Pictures https://imgur.com/a/olBlrHG basically explain it. It was a "full bath" when we bought it and sold as one, (and its recorded as such for tax purposes). I want to convert it to laundry room/shower. Location is Baltimore, MD. I need a 2" for shower and a 2" for laundry/utility sink.

Based upon my current set-up, is the correct way to just dig down and tie in a no hub 4" x 2" branch? I know I will have to vent, thinking AAV for ease/cost but willing to roof venting if necessary. Slab is old and around 2" think, so easy to cut out. Already cut a small section at old lav to see condition of existing drainage.

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[3]: https://i.stack.imgur.com/24aqw.jpgenter image description here


1 Answer 1


I am gathering that you are going to frame behind the toilet/sink. If not, this is a no-brainer. You want to use 2x6 so it is easy to move any plumbing through this (vents).

Also if I were you - no way in the world would I lose a toilet. You bought the house with a full bath in the basement and if you take out the toilet it probably doesn't meet the real estate definition of a half bath.

Rules -

  • You need venting. There are different ways you can do this but I think with new framing you can probably get to your main stack pretty easily. If you have specifics I can walk you through options.
  • If you break the ground you are supposed to get permits in most areas. Would I? Depends were I am at. This could also be an issue with removing toilet - your city could notice that your house lost a bathroom or at least 1/2.
  • You have already broken part of the ground - get all the metal out of there to your main stack and tie it in with PVC.

What would I do? I have done a lot of basement/laundry combos.

  • Frame that back wall in 2x6.
  • Install a deep basin sink with a huge counter right next to toilet.
  • Put washer and dryer under counter to right of the sink.
  • I would install shower where the head is against wall (so your counter wall to the right is the first 20" of the shower.
  • I would tie in the shower and sink to toilet after its trap and send everything down this way. This serves your needs plus the water from shower/sink/laundry flush out any toilet debris.
  • I would either put a knee wall on left side of sink to hide toilet or a full wall and door for toilet if you want to hide it.

If you can give me the dimensions you are working with I can help layout what you want to do.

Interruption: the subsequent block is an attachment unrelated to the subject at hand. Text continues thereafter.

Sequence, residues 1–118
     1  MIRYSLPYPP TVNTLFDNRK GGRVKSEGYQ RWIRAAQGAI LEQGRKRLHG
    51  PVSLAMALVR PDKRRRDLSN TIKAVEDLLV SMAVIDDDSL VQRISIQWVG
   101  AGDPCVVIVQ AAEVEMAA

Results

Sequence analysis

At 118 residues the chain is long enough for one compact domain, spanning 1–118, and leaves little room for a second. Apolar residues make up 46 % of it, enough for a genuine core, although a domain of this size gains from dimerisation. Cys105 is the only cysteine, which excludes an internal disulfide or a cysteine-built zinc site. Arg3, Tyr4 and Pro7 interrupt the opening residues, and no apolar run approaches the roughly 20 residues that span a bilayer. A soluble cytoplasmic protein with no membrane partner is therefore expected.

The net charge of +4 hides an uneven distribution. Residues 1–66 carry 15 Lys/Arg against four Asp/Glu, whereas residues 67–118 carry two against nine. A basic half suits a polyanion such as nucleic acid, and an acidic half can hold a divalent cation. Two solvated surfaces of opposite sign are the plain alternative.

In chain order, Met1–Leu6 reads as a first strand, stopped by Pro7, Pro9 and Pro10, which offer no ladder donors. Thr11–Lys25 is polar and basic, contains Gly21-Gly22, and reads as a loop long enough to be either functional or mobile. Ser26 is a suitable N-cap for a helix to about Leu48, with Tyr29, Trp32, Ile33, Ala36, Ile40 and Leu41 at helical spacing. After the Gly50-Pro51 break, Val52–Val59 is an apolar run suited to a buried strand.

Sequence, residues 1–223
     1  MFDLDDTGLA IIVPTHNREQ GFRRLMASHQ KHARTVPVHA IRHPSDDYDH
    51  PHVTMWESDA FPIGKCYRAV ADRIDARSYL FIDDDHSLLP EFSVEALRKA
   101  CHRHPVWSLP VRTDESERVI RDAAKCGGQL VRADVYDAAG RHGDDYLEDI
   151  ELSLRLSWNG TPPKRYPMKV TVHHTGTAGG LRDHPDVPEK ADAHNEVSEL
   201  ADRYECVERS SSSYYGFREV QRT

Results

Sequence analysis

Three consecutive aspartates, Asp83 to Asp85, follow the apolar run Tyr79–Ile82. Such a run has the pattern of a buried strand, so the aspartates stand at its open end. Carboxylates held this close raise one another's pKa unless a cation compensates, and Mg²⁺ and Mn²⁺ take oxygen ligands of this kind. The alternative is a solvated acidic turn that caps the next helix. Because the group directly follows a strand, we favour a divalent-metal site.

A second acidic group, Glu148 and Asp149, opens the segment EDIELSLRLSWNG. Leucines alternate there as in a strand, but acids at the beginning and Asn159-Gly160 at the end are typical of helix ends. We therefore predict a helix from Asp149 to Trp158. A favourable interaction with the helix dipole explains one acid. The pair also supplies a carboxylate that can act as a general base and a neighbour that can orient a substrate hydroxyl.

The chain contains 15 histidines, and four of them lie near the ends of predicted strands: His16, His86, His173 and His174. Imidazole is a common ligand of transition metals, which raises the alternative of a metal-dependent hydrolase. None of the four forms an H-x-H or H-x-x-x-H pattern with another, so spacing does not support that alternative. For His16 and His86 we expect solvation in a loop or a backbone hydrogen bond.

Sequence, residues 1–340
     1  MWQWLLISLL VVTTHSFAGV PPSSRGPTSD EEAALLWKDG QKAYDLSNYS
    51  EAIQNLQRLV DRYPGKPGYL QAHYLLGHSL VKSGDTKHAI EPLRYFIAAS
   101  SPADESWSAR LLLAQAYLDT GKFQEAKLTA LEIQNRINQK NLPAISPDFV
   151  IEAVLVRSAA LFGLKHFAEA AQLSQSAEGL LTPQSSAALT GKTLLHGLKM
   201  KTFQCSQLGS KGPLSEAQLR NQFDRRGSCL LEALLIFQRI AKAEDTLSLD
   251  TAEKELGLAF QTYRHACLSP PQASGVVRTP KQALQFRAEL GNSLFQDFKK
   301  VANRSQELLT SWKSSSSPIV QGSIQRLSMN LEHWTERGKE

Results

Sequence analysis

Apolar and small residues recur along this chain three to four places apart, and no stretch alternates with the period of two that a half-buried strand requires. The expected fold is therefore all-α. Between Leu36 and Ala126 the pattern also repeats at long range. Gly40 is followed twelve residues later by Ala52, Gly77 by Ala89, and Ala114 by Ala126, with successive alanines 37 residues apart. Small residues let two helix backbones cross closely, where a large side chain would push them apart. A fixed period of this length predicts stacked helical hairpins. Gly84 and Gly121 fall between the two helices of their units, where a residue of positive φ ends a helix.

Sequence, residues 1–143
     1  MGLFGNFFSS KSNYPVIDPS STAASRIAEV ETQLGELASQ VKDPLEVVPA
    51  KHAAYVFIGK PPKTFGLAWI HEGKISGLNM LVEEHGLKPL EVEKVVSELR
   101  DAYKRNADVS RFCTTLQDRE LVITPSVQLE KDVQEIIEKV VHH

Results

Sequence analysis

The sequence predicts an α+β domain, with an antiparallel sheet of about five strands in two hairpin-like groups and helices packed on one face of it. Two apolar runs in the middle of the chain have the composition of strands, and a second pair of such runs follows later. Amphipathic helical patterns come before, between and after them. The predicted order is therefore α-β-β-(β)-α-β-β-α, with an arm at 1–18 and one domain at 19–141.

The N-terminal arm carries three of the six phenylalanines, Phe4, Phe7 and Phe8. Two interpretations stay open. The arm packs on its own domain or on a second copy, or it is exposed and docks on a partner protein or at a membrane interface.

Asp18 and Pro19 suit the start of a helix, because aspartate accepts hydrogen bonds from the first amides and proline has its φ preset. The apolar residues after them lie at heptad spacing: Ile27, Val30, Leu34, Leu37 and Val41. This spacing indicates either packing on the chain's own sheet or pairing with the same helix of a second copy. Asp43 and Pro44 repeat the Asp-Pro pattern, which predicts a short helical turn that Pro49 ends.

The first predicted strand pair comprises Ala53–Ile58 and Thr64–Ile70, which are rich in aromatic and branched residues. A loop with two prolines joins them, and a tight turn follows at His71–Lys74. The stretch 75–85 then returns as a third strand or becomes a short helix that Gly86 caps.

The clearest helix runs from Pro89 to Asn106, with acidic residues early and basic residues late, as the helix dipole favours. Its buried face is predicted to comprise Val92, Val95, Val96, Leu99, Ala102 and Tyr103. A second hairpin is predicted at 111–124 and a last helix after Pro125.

• Awesome. Yeah I meant to say I plan on leaving toilet exactly where it is. I really just couldn’t wrap my head around tying into either the 4” toilet drain which drops vertically into main sewer line or if it was better to go all the way down with a separate line to the main. I should be able to mj couple a 4 by 2 1/8 bend wye to the top of toilet riser 4”, right? Agree on the 2 by 6 back wall to hide venting. I can get you exact measurements, it’s tight for sure hence my current set up. Played a lot with it thus far. I’m an over analyzer. Agreed about permits. Still debating...
    – ybotrunner
    Apr 6, 2020 at 21:07
  • Two other things from your pics - you will need to vent out the shower. Think about that - it can go straight out to the outside. Also I hate the joists cut at the bottom for water/gas line that you have - hate that. I would add at least a metal tie brace. On the layout part the two big questions are - can you go with a washer and dryer with control on front (opposed to top) and what are you doing for a shower pan? The shower pan size is going to determine a few things.
    – DMoore
    Apr 6, 2020 at 23:49
  • Yeah previous owner did that, used to be water like I think. Agreed, don’t like notches. That picture is now older. I used the notches to run 3/4” conduit for the electric washer and dryer in same location. Used nail plates but could install stud shoes instead. (THHN 10/3 and 12/2). Was planning a custom medium pack mortar bed. Washer and dryer we already own, front load but controls on top. I’ll draw up a sketch soon with exact dimensions. Appreciate the input.
    – ybotrunner
    Apr 7, 2020 at 0:10

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